#MeToo The Static Friction

About Akshay Peddiwar

Akshay Peddiwar is pursuing a course in Journalism. He is busy nowadays in creating the space between a journalist and a writer. Oftenly a night crawler and a caffeine lover likes to keep his stories a bit swaggy rather than keeping it simple! Because simple things are not that trendy he feels.

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One rainy afternoon while coming back home from school by bus, I was carrying a bunch of stationary and a big piece of thermocol sheet. Some project was given by the school for which those were required. I entered the bus which was moderately full, sat in the ladies’ section of a completely empty seat and adjusted all my belongings.
While trying to do so, the person behind me politely offered to help. He helped me shut the window as it was raining.
I thanked him and settled myself. Drops of water still made its way inside from the closed window turning my right sleeve wet.
Now you see, I was wearing my school uniform which was made of a synthetic material because of which it often stuck to the skin. Thus, whenever I felt a weird sensation on the right side of my body, I blamed the material of the shirt and pulled my shirt away from the skin.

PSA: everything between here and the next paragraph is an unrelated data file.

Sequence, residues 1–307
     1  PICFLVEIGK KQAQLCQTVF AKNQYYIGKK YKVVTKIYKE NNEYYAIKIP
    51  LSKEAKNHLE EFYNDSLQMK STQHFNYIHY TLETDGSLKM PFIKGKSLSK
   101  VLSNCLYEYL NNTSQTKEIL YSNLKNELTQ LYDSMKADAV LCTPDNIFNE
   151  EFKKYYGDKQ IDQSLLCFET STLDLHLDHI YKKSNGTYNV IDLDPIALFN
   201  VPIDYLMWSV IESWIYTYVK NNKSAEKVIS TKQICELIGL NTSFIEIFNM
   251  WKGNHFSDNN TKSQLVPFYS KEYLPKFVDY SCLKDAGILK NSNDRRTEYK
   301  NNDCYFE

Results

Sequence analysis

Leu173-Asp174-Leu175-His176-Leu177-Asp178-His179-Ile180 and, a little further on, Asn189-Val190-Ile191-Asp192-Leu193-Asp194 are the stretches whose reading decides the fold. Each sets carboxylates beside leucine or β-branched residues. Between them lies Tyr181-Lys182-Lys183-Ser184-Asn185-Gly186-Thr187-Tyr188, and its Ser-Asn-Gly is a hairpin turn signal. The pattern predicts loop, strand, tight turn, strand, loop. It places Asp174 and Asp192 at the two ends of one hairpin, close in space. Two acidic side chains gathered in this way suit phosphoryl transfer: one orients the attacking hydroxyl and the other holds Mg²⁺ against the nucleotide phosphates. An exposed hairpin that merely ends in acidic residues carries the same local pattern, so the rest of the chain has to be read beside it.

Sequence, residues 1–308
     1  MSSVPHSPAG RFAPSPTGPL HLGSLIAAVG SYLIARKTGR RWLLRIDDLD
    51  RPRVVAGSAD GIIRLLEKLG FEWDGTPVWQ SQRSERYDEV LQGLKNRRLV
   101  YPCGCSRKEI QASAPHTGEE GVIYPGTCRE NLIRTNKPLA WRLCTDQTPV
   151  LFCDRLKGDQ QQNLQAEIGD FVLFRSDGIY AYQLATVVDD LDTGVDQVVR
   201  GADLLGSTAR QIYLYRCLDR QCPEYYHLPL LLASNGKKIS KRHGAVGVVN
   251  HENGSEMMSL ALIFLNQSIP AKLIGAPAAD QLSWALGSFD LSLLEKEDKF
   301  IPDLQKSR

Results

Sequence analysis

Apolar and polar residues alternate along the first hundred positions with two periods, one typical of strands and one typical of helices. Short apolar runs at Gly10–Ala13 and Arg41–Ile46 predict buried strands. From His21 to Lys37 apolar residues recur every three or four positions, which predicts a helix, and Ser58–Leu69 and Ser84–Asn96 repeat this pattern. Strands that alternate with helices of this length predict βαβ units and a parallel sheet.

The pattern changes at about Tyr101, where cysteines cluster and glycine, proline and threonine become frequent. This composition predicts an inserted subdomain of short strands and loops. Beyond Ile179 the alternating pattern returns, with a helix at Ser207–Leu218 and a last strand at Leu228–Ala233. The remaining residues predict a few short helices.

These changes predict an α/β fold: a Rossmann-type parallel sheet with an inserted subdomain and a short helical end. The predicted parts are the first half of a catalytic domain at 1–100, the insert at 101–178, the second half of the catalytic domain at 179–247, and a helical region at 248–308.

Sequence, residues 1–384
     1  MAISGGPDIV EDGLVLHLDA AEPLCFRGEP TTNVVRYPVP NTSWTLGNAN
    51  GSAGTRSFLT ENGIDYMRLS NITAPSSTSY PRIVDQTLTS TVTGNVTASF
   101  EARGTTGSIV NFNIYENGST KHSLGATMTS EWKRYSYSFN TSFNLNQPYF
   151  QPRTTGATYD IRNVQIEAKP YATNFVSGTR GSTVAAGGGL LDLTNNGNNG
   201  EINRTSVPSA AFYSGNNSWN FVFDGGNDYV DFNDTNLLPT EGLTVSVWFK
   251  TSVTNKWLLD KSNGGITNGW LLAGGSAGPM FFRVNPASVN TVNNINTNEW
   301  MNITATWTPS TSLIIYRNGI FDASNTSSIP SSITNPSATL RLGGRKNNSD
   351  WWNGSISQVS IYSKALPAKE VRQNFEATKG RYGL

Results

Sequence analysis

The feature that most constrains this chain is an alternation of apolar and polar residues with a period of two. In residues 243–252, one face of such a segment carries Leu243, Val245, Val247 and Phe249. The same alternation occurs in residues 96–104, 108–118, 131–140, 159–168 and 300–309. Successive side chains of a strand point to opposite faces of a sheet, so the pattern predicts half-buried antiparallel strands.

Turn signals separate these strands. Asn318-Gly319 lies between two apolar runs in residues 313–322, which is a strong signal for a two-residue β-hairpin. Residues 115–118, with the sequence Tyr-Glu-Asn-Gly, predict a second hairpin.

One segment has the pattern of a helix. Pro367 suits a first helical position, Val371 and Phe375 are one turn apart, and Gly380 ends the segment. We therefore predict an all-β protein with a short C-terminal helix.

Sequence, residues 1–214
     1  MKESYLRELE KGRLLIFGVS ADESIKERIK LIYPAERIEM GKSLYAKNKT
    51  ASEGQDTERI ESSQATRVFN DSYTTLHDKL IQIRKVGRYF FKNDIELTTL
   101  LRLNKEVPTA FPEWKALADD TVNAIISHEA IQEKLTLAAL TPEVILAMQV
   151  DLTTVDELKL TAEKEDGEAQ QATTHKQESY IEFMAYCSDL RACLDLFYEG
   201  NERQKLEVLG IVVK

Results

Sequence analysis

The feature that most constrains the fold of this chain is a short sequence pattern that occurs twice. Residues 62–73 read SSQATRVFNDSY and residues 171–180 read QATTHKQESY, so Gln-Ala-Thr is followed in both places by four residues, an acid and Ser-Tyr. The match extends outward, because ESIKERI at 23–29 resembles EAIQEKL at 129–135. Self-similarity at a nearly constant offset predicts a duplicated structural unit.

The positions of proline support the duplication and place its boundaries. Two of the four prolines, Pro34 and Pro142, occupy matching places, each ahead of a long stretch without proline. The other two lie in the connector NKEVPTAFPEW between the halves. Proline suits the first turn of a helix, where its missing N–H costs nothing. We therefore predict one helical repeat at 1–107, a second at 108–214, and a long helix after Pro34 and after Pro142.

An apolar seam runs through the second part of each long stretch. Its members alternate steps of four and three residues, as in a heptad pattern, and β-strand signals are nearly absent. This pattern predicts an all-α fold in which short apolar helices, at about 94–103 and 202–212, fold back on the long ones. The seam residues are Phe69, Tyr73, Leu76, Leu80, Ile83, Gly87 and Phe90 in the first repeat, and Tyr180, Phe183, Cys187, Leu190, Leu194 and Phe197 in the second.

However, what I couldn’t understand was, how the sensation was occurring multiple times. I didn’t think much of it.
I was looking straight and then the sensation returned quite aggressively. I looked down to again pull my shirt away. To my disbelief, I saw a hand retreat from the space between the window and the seat. Suddenly everything fell into place. My wet shirt wasn’t the one to blame. It was the man who had previously helped me, who looked close to 40, who thought it was okay to feel up a school girl!

You see, no matter how much you read about such things, when you are in such a situation, you don’t know how to react.

“Do I scream at him? Or do I let him go?” I couldn’t decide.
Mind you I was only in 8th grade.
I looked around the bus to notice that the crowd had thinned out and only one other female was on board.
Helplessly I got up, went to another seat and got down at the next stop.

Now that I look back, I feel maybe I should have shouted at him. Maybe I should have let all the people on the bus know just what kind of a soulless pedophile he was, that he thought it was okay to abuse a school-girl so outrageously. But such experiences bruise the soul for life. Today I am so conscious, that I look suspiciously at every uninvited touch, even if accidental.

***True Story, as told to Akshay Peddiwar under conditions of anonymity


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